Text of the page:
My point is, just because he's blind does in any way mean that it's the end for him if he hasn't gone "crazy" already, IMO.
BO only thinks it's necessary for the possibility of a barn-fire so that they won't cause an even bigger issue by freaking out when they get a towel tossed over their heads if a fire ever happens. I think it's great to get them desensitised and use to blindly following their handler in the case that a fire may possibly happen, for whatever reason.
I agree with the rest of the members that posted here though, if my post was kind of off-topic a bit. :3 Posted via Mobile Device
I have seen alot of blind horses are put in pastures with there "bell buddies" of course but the people put mulch, or some other kind of footing all around the pasture paremeter and it went from the fence about a foot or two into the pasture. So when ever the horse felt its feet hit this new kind of footing it new there was somthing close such as a fence or tree. Not to much experience with this but hope this helps :)
Finally got a little good news today....the Cushings test came back negative. That's 4 negative tests since 2006, so at almost 26, he won't be tested again, I don't care how long his winter hair gets Vet coming tomorrow to check both eyes to decide if there is anything else we can do for him.....I am going to try the mulch around the fence line...that makes sense. Also going to take down the corner hay rack in the stall. I am leaving the radio in the barn on low at night so it can mask any unusual noises that may startle him. Trying to watch my habits around him and doing everything in the same order and same way every day. Seems like he can still see some light so I have thought about a nite light but worry that it will cast unusual shadows. Any thoughts on this?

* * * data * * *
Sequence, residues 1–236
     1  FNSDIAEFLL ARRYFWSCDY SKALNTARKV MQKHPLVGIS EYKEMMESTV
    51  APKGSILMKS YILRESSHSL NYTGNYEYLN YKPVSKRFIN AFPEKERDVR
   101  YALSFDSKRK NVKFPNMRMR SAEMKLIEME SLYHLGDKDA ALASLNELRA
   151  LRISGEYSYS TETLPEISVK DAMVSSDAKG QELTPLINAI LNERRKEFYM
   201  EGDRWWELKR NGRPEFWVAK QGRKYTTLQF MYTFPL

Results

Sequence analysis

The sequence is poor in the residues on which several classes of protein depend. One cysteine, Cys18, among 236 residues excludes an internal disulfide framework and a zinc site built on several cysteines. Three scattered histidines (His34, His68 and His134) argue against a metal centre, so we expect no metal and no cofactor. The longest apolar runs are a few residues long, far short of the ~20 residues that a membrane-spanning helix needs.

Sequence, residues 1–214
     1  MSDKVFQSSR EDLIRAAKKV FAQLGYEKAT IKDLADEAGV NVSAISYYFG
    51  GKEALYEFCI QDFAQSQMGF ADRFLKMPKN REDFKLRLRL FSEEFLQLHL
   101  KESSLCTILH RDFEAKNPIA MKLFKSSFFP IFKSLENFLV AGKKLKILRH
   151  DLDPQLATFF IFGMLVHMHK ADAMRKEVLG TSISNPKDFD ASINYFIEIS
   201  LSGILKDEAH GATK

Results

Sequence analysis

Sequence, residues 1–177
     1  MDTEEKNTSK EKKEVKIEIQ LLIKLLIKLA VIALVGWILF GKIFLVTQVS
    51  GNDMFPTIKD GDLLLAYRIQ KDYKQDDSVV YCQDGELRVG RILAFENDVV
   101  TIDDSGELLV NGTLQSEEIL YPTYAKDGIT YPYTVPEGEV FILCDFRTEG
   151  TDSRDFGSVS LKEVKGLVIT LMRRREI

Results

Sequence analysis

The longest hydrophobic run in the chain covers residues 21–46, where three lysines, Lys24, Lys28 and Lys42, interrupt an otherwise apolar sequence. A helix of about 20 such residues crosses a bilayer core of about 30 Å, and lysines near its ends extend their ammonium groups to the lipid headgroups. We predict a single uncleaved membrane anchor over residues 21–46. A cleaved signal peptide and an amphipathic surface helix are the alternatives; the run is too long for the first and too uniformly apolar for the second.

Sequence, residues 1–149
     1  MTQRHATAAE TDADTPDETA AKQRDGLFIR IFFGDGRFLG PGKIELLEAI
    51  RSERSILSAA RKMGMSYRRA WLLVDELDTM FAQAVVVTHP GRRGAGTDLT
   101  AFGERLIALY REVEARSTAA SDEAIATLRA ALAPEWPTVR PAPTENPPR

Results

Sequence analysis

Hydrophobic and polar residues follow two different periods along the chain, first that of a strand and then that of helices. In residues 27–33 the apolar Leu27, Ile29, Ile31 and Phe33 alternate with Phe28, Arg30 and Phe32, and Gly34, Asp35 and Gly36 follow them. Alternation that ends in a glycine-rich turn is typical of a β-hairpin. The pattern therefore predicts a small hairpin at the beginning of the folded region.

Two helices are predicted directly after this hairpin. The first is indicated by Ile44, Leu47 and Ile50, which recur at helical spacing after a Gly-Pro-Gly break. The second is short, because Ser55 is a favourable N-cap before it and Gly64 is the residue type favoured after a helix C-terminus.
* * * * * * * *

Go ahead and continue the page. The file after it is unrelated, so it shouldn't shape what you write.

If he can still see some light, he might be better off than you think. Horses see very well in low light conditions. He might see perfectly well in daytime when there's enough light to compensate for his lack of vision...if that makes any sense.
Years ago, we picked up a really kewl little arab gelding out of a horse rescue for my daughter, who was little at the time. This guy had been sent to the rescue because after being a kid's show horse for years (he was in his late teens) he had started taking home red ribbons instead of blue ones. The last time he had been jumped was at two and a half feet (?) at the show where he was taking red ribbons six months before we brought him home.
A month or so later we had the vet out for a general check. According to the vet, this little guy had lost about 80% of his vision in one eye and 100% in the other eye. And you wonder why he was no longer taking blue ribbons in the jumping ring??????
Anyway, he never showed any stress about his lack of vision. That 20% in one eye was more than enough for him to happily take my 8 (7 ?) year old all over some pretty steep trails for several years. We lost him three years later to cancer :(
And one of him at a medieval recreation event - where she is showing off her prize.
If your horse still has some vision left, he is probably going to be just fine for quite a while. Even if he looses all of his sight, if it happens slow enough, he probably won't get scared.